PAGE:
Biomedical and Electrical Engineer with interests in information theory, evolution, genetics, abstract mathematics, microbiology, big history, Indieweb, and the entertainment industry including: finance, distribution, representation
@kristenhare A growing group of journalists are joining the IndieWeb movement to better own their work and data within their own personal archives as well as using tools like Ben's to archive their work on larger institutional repositories. There's a stub page on the group's wiki dedicated to ideas like this for journalists at https:/
Coincident with these particular sites disappearing, there's now also news today that Peter Thiel may purchase Gawker in a bid to make it disappear from the internet, which makes these tools all the more relevant to the thousands who wrote for that outlet over the past decade.
For journalists and technologists who are deeply committed to these ideas, I'd recommend visiting the Reynolds Journalism Institute. They just finished a two day conference entitled "Dodging the Memory Hole" at the Internet Archive last week focused on saving/archiving digital news in various forms. (https:/
This is an interesting idea: Internet Archive TV News Lab: Introducing Face-O-Matic, experimental Slack alert system tracking Trump & congressional leaders on TV news | Internet Archive Blogs
@MarkGraham, @InternetArchive had previously collaborated with WP Broken Link Checker https:/
Is there someone there who could nudge this suggestion which could increase submissions? #DtMH2017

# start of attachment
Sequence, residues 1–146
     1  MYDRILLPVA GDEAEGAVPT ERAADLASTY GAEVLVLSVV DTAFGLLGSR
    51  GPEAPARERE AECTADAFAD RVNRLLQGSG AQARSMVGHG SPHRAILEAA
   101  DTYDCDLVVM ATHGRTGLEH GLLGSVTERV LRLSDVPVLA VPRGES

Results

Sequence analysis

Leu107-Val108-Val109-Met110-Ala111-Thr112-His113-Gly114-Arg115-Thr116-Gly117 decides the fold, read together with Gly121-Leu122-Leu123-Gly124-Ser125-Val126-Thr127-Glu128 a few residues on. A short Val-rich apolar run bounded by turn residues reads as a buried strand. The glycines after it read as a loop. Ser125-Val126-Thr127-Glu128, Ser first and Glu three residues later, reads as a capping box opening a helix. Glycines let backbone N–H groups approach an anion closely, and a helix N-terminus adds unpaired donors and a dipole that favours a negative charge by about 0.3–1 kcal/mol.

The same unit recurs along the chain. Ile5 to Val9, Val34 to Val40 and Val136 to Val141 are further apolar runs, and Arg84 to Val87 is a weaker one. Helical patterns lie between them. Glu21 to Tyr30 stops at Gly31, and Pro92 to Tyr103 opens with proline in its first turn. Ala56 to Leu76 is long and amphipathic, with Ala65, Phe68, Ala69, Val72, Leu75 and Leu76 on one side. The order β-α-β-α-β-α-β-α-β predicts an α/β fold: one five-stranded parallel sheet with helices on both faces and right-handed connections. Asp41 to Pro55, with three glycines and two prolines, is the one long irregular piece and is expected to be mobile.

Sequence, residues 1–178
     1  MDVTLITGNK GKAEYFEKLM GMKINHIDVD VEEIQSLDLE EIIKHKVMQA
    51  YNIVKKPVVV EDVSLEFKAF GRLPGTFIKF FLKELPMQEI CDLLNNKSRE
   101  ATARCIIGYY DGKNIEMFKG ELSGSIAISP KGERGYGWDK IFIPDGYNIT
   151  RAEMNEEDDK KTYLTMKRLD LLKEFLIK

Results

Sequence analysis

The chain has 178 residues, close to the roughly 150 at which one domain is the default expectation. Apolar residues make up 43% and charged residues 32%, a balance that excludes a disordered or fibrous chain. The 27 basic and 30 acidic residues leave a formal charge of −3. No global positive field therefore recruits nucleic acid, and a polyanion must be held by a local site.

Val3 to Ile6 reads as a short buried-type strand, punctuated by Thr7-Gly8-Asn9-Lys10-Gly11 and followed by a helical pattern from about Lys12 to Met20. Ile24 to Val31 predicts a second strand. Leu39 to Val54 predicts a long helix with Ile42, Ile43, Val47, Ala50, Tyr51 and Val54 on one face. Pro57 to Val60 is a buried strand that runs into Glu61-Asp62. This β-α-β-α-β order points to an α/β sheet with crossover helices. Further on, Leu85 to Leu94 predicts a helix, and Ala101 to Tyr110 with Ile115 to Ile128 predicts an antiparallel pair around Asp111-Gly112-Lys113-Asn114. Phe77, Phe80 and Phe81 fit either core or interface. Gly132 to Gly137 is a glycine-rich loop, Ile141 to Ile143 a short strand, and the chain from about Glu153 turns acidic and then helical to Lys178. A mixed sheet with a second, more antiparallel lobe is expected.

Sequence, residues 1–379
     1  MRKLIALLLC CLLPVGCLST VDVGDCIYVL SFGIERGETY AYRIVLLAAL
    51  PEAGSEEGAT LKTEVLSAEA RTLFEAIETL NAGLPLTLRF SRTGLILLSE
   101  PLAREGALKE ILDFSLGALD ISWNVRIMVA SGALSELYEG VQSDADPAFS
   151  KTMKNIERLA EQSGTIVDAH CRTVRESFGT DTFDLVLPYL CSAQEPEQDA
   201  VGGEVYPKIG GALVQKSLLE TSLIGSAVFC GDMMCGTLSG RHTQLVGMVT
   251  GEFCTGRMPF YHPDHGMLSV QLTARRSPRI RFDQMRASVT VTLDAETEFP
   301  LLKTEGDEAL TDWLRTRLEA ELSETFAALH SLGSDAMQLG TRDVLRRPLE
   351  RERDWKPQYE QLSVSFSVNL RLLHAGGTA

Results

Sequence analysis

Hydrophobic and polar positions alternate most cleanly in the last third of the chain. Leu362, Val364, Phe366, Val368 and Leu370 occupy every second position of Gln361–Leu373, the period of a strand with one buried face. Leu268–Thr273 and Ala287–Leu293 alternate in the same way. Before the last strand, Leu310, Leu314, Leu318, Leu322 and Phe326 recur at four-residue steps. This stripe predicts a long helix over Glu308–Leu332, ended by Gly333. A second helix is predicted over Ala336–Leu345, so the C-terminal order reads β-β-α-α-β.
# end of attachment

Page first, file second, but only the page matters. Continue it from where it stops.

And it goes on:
@machawk1 @LinkArchiver #DtMH2017 I post all of my content to my *own* site first and then syndicate it to Twitter secondarily. All of my primary website posts are additionally backed up via API to @InternetArchive in addition to @LinkArchiver and personal back ups (local and cloud) of my site and occasional downloads of my exported Twitter Archive. #saveallthethings
See also: https:/
As if the upcoming #DtMH17 conference at the Internet Archive needed an advertisement for existing: https:/
@billbennettnz @davewiner I think I mentioned to you that @Chronotope was mulling something over along these lines:
I'm curious if there's a middle ground? The way that @davewiner does his blog with updating hashes throughout the day would be interesting within news distribution, that way the URL changes, but at the same time it doesn't really. Example: http:/
In some sense, these hashes are related to the IndieWeb concept of fragmentions: https:/
Depending on implementation, news sites could offer a tl;dr toggle button that gives a quick multi-graph synopsis. As I recall USA Today and Digiday used to do something like this on longer pieces:
Here's a version of the functionality via the WayBackMachine that still works: https:/
Imagine how powerful a long running story could be with all of these features? Or even snippets of inter-related stories which could be plugged into larger wholes? Eg: The Trump Administration's handling of North Korea seen in fact snippets over time spanning months while pieces of this could be integrated into a larger Trump Administration mega-story going back to January or even the beginning of his campaign. Someone who hasn't been following along could jump back months or years to catch up relatively quickly, but still have access to more context that is often missing from bigger pieces which need to stand on their own relatively.
#journalism #indieweb #fragmentions